Holly Hunt, center, with interior designers Laura Kirar and Doug Levine (her former staffers, featured in our May/June issue)

It was the biggest design party of the year. That’s a risky statement as I am not the biggest partier at the office, but I’m going to throw it out there ’cause I haven’t been to a party like this in a long time (I blame a certain three-year-old who lives in my house for this). Holly Hunt’s 25th anniversary bash Monday night on the terrace of the Harris Theater was HUGE. Some 1,200 beautifully dressed people showed up to fete the design doyenne, who seemed genuinely touched by the show of support as she addressed the crowd from the stage before introducing the evening’s entertainment, Poi Dog Pondering. Hunt is beloved by the design industry and this showed—as did her long-held business mantra of offering the “best in class.” The food and wine were abundant and delightful, and the setting was classic and perfectly appropriate. Guests looked like movie extras lounging on the Holly Hunt Great Outdoors casual furniture line, displayed in surprisingly un-muted tones, below a gigantic billowing white tent that was illuminated by modern orange-shaded fixtures. Even the day’s iffy weather cleared up just in time. Here’s to another 25!

—Gina Bazer


Photos by Chris Guillen Photography

">

Holly Hunt’s Big Bash


Holly Hunt, center, with interior designers Laura Kirar and Doug Levine (her former staffers, featured in our May/June issue)

It was the biggest design party of the year. That’s a risky statement as I am not the biggest partier at the office, but I’m going to throw it out there ’cause I haven’t been to a party like this in a long time (I blame a certain three-year-old who lives in my house for this). Holly Hunt’s 25th anniversary bash Monday night on the terrace of the Harris Theater was HUGE. Some 1,200 beautifully dressed people showed up to fete the design doyenne, who seemed genuinely touched by the show of support as she addressed the crowd from the stage before introducing the evening’s entertainment, Poi Dog Pondering. Hunt is beloved by the design industry and this showed—as did her long-held business mantra of offering the “best in class.” The food and wine were abundant and delightful, and the setting was classic and perfectly appropriate. Guests looked like movie extras lounging on the Holly Hunt Great Outdoors casual furniture line, displayed in surprisingly un-muted tones, below a gigantic billowing white tent that was illuminated by modern orange-shaded fixtures. Even the day’s iffy weather cleared up just in time. Here’s to another 25!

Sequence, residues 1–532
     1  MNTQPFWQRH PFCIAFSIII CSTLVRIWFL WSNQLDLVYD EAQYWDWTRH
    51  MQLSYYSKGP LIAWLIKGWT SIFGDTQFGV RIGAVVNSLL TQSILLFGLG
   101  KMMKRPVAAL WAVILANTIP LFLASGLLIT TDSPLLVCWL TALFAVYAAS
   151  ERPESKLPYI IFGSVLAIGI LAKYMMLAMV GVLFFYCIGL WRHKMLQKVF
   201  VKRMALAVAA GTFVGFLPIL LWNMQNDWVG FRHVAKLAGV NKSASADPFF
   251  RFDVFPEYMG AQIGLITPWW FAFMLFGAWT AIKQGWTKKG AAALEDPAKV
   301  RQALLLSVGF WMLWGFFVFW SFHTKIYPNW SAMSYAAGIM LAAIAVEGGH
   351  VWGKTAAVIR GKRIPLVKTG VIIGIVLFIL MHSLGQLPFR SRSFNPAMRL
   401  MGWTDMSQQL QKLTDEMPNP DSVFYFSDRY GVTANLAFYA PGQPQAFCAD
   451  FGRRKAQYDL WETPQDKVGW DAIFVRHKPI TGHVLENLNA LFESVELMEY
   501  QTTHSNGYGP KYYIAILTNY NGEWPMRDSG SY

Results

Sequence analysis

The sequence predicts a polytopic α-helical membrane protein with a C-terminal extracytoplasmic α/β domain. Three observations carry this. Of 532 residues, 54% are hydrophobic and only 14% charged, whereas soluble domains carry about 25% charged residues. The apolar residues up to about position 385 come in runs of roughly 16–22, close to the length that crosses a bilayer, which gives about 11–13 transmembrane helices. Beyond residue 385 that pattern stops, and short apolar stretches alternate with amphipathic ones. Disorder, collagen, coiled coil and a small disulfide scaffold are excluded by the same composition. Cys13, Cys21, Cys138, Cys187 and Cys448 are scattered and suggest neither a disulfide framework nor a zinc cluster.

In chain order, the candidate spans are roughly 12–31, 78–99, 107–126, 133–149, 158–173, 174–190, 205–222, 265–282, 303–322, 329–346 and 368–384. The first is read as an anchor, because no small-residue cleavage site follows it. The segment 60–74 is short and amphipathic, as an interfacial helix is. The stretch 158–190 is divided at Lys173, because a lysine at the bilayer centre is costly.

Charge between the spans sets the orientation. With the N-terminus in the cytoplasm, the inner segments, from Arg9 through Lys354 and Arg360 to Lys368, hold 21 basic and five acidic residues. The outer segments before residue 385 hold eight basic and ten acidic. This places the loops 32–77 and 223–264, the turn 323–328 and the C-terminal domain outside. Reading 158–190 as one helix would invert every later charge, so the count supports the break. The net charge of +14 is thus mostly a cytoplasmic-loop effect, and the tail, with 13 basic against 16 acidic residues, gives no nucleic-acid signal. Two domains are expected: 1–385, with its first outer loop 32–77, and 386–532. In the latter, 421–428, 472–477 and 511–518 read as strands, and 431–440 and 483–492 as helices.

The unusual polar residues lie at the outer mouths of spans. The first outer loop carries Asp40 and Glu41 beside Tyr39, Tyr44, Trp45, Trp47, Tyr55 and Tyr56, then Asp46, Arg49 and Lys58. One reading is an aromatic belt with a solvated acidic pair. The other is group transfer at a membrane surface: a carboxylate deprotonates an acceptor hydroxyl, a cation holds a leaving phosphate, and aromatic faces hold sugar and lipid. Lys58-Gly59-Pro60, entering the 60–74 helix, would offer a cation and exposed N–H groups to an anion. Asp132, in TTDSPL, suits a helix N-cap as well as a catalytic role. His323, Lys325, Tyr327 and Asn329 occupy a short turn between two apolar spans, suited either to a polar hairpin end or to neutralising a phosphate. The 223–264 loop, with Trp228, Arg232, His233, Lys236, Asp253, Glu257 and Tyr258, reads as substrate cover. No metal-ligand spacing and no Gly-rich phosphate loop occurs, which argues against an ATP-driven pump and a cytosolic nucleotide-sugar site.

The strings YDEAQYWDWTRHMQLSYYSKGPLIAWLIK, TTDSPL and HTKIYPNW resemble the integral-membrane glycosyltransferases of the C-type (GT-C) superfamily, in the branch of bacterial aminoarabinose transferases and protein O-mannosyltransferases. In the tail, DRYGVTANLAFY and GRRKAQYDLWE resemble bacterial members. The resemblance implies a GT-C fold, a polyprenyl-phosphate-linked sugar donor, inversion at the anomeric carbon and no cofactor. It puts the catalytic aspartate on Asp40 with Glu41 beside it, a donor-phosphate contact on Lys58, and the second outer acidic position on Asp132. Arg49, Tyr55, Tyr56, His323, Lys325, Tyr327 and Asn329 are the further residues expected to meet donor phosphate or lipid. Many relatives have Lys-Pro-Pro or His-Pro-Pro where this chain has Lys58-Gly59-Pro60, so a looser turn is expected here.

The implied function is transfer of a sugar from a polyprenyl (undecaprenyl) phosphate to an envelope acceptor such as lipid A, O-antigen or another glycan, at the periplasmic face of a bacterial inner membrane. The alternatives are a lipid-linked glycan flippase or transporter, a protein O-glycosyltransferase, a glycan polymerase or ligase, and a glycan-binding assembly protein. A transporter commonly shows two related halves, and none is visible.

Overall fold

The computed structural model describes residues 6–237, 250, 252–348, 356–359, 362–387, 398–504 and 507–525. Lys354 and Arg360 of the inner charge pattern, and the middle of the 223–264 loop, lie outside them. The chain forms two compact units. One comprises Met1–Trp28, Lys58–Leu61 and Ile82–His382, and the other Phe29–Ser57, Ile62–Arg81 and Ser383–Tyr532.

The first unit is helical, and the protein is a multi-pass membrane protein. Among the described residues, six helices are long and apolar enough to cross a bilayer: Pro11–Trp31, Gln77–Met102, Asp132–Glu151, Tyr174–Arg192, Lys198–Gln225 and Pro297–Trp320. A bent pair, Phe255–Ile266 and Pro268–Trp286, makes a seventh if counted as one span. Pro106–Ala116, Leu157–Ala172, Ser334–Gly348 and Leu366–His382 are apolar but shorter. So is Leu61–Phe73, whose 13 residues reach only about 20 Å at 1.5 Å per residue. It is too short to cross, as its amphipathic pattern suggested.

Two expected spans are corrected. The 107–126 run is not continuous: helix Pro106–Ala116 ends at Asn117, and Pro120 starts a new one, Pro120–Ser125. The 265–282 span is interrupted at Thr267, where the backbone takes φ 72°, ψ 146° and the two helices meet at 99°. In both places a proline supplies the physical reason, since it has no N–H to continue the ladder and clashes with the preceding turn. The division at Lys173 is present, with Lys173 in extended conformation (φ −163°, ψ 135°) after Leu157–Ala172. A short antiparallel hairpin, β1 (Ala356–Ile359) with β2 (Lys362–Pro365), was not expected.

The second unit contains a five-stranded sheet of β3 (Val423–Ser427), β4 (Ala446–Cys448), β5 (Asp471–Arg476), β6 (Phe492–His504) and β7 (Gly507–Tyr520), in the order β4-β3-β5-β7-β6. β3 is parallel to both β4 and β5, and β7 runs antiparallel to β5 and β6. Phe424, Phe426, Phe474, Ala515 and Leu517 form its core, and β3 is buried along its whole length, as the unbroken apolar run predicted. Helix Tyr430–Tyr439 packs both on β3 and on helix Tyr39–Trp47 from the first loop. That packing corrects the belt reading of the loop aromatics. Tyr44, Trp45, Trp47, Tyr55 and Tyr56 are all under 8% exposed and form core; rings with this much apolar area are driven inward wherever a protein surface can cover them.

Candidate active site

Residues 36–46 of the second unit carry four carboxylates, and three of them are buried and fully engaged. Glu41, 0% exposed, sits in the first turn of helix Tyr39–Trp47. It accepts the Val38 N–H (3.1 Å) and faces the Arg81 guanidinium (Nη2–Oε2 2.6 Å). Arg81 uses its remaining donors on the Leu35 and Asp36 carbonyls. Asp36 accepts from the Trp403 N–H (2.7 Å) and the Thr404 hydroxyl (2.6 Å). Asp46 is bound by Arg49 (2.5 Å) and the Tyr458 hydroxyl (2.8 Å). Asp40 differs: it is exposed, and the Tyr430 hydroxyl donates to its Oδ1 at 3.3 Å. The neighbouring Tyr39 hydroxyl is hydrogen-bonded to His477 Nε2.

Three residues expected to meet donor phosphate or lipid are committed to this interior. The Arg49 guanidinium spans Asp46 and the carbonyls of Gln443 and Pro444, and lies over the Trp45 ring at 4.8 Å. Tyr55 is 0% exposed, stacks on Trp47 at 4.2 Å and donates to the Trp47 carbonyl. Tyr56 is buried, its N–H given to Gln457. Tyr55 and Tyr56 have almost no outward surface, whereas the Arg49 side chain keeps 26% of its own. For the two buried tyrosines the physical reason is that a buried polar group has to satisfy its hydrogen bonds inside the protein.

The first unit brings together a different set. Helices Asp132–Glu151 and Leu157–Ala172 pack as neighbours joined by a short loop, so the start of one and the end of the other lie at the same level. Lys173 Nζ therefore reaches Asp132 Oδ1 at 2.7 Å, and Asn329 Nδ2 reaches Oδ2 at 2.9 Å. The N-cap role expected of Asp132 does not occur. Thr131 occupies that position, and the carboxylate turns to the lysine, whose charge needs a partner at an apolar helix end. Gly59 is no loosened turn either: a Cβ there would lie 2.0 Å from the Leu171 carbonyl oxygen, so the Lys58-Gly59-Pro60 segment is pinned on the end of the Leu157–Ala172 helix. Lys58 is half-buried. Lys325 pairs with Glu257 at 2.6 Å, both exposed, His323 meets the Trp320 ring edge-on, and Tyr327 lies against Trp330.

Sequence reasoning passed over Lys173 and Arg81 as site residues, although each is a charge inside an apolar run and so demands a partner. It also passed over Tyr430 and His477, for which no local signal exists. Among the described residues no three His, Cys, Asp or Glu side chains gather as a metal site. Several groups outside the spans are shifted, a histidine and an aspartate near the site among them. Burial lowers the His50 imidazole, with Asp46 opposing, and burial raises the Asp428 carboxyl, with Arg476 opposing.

Photos by Chris Guillen Photography


Holly Hunt, center, with interior designers Laura Kirar and Doug Levine (her former staffers, featured in our May/June issue)

It was the biggest design party of the year. That’s a risky statement as I am not the biggest partier at the office, but I’m going to throw it out there ’cause I haven’t been to a party like this in a long time (I blame a certain three-year-old who lives in my house for this). Holly Hunt’s 25th anniversary bash Monday night on the terrace of the Harris Theater was HUGE. Some 1,200 beautifully dressed people showed up to fete the design doyenne, who seemed genuinely touched by the show of support as she addressed the crowd from the stage before introducing the evening’s entertainment, Poi Dog Pondering. Hunt is beloved by the design industry and this showed—as did her long-held business mantra of offering the “best in class.” The food and wine were abundant and delightful, and the setting was classic and perfectly appropriate. Guests looked like movie extras lounging on the Holly Hunt Great Outdoors casual furniture line, displayed in surprisingly un-muted tones, below a gigantic billowing white tent that was illuminated by modern orange-shaded fixtures. Even the day’s iffy weather cleared up just in time. Here’s to another 25!

Photos by Chris Guillen Photography

Share

Advertisement

Submit your comment

Comments are moderated. We review them in an effort to remove foul language, commercial messages, abuse, and irrelevancies.

Note: To serve its readers better, Chicago has migrated its comments to Disqus, a popular commenting platform. Please feel free to contact us with any feedback.